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[58] artillery. Harris's brigade, the command of which had devolved upon Colonel Stone, of the Twenty-second Iowa, in consequence of the illness of the former, was immediately formed in line of battle. Griffith's and Klaus's batteries brought up and the enemy's fire briskly replied to and silenced. The division rested upon its arms at Shaiffer's plantation during the short remnant of the night.

Coming up about day-dawn in the morning, I learned from a fugitive negro, that the two roads diverging at Shaiffer's led to Port Gibson-one to the right by Magnolia Church, and the other to the left, passing near Bayou Pierre, where it is spanned by a rail and earth road bridge; also that the greatest distance between the roads was only some two miles; that the space between and for miles around was diversified by fields, thick woods, abrupt hills, and deep ravines, and that the enemy was in force in front and intended to accept battle. Immediately proving the general correctness of this information by further inquiry and by personal reconnoissance, I determined to advance my forces upon the chord of the rude ellipse formed by the roads, resting my reserve back near the fork of them.

After the smoke of the previous engagement and the glimmering of the rising sun had ceased to blind our view, I ordered General Osterhaus to move his division on the road to the left to relieve a detachment of General Carr's division, which had been sent to watch the enemy in that direction, and to attack the enemy's right. The object of this movement was to secure whatever direct advantage might result from attacking the enemy's line at a point supposed to be comparatively weak, and to make a diversion in favor of my right preparatory to its attack upon the strong force understood to be in its front.

The first brigade of General Osterhaus's division hastening forward in execution of this order, at half-past 5 A. M. encountered the enemy in considerable force a short distance from Shaiffer's house. The position of the enemy was a strong one, and he seemed determined to maintain it, yet after a hard struggle for more than an hour he was forced to yield it and seek temporary safety at a greater distance, under cover of ravines and houses.

The splendid practice of Lanphere's and Foster's batteries disabled two of the enemy's guns, and contributed largely to this success.

Communicating with General Osterhaus, I offered him reenforcements, but his second brigade having now come up, he declined them until more urgent occasion should arise. Thus strengthened he pressed forward, until insurmountable obstacles in the nature of the ground and its exposure to the fire of the enemy arrested his progress and proved the impracticability of successful front attack. It was now two o'clock P. M., and about this time General J. E. Smith's brigade of General Logan's division came up, and attempting to carry the enemy's position, by such an attack, failed to do so, thus demonstrating the correctness of General Osterhaus's admonition upon that point.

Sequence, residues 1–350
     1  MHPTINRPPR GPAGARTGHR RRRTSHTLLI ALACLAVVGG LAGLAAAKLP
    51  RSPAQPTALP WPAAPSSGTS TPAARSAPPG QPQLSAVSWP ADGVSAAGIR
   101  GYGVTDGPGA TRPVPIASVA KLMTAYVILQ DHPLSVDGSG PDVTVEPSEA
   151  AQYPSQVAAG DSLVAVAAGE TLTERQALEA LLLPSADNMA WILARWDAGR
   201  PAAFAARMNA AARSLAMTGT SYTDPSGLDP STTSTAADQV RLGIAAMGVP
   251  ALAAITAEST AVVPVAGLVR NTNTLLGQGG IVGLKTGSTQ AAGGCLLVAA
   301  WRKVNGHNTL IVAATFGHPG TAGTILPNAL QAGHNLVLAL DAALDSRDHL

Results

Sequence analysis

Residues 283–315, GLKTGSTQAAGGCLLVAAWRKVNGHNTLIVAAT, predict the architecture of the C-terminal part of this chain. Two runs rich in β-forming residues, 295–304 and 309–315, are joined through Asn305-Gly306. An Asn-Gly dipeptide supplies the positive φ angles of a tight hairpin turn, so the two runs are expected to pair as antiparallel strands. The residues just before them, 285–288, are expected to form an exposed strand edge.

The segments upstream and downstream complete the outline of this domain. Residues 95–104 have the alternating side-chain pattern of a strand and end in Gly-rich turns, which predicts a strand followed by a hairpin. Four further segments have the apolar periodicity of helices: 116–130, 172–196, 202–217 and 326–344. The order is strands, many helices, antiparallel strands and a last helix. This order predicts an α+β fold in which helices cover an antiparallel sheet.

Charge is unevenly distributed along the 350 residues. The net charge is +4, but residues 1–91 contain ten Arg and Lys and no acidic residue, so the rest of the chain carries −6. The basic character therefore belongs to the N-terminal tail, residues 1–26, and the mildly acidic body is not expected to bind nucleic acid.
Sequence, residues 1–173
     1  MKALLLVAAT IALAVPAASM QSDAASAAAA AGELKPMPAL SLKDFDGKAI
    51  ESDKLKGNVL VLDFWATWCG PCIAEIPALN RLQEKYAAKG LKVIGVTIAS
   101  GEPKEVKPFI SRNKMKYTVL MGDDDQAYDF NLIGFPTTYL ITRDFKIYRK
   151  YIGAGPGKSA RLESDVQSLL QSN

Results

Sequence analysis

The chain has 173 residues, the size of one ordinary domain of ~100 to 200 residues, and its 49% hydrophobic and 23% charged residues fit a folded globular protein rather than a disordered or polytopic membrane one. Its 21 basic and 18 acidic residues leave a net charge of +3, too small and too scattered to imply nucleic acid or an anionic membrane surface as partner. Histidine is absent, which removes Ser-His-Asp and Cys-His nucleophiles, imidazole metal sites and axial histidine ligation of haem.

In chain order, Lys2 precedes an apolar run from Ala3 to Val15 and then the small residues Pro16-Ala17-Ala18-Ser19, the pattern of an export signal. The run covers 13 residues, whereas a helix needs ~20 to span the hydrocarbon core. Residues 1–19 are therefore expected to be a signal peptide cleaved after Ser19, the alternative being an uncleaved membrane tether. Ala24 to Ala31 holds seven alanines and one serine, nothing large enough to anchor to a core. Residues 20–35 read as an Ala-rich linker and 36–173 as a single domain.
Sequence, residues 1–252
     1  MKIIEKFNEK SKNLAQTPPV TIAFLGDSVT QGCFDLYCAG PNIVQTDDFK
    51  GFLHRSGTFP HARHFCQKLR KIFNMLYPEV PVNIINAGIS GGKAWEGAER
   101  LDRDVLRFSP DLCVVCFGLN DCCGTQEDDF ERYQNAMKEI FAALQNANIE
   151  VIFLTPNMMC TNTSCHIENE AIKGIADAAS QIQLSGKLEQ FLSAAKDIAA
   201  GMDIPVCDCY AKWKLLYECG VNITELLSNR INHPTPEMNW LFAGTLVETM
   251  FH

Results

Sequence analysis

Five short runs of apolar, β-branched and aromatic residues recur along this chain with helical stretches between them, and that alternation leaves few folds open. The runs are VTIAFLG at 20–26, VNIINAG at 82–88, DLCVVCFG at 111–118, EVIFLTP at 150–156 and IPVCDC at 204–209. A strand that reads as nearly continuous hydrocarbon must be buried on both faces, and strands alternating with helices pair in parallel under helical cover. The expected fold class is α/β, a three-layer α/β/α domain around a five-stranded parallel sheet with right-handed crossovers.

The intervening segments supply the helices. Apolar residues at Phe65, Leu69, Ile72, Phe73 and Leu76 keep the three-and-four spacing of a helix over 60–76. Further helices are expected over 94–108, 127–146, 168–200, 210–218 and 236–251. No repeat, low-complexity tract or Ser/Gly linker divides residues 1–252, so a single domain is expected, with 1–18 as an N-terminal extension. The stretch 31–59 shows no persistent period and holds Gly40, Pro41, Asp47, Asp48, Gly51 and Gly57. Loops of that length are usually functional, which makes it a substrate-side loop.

A flank movement had been resolved on by General Osterhaus, to accomplish the same object. With a view to deceive the enemy, he caused his right centre to be threatened, and taking advantage of the effect, rapidly moved a strong force toward his extreme right, and personally leading a brilliant charge against it, routed the enemy, taking three pieces of cannon.

A detachment of General Smith's brigade joined in the pursuit of the enemy, to a point within a half-mile of Port Gibson.

At a quarter-past six o'clock A. M. when sufficient time had elapsed to allow Osterhaus's attack to work a diversion in favor of my right, I ordered General Carr to attack the enemy's left. General Benton's brigade promptly moved forward to the right of the main road to Port Gibson. His way lay through woods, ravines, and a light canebrake, yet he pressed on until he found the enemy, drawn up behind the crest of a range of hills, intersected by the road. Upon one of these hills, in plain view, stood Magnolia Church. The hostile lines immediately opened on each other, and an obstinate struggle ensued. Meanwhile Stone's brigade moved forward on and to the left of the road into an open field, and opened with artillery upon the enemy's left centre.

The action was now general except at the centre, where a continuation of fields extending to the front of my line for more than a mile separated the antagonists. The enemy had not dared to show himself in these fields, but continued to press my extreme right with the hope, as I subsequently learned, of crushing it and closing his concave line around me.

General Hovey came up at an opportune moment and reporting his division to be on the ground, I immediately ordered him to form in two lines near the fork of the two roads, and to hold it there for further orders. About the time it had been thus formed, General A. J. Smith's division came up, and General Hovey was ordered to advance his division to the support of General Carr's. In the execution of this order General McGinnis's brigade moved to the right front in support of Benton's, encountering the same obstacles that had been overcome by the latter. Colonel Slack's brigade moved by the flank near the main road, and without much difficulty gained its proper position to the left of McGinnis.

During the struggle between Benton's brigade and the enemy the former moved to the right to secure its flank, and left a considerable gap between it and Stone's. This gap was immediately filled up by a portion of Hovey's division, upon its arrival upon the ground assigned to it. The enemy's artillery was only one hundred and fifty yards in front, and was supported by a strong line of infantry which it was reported had just been reenforced, and was the occasion of the shouting of the enemy distinctly heard about this time.

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